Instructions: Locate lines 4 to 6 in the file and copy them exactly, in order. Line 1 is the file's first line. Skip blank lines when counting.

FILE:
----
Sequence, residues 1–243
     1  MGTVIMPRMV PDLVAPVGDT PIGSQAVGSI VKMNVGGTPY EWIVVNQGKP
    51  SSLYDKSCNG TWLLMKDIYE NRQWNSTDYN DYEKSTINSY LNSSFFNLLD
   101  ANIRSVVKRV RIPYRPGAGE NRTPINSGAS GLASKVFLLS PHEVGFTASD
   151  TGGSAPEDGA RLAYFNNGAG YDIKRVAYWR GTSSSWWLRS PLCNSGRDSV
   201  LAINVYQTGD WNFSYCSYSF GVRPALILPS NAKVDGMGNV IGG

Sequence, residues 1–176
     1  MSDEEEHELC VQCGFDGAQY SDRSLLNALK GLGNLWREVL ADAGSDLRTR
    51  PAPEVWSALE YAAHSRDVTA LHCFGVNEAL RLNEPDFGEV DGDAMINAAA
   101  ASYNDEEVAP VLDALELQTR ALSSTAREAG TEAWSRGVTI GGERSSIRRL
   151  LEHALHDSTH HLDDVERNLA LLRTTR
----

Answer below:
   101  ANIRSVVKRV RIPYRPGAGE NRTPINSGAS GLASKVFLLS PHEVGFTASD
   151  TGGSAPEDGA RLAYFNNGAG YDIKRVAYWR GTSSSWWLRS PLCNSGRDSV
   201  LAINVYQTGD WNFSYCSYSF GVRPALILPS NAKVDGMGNV IGG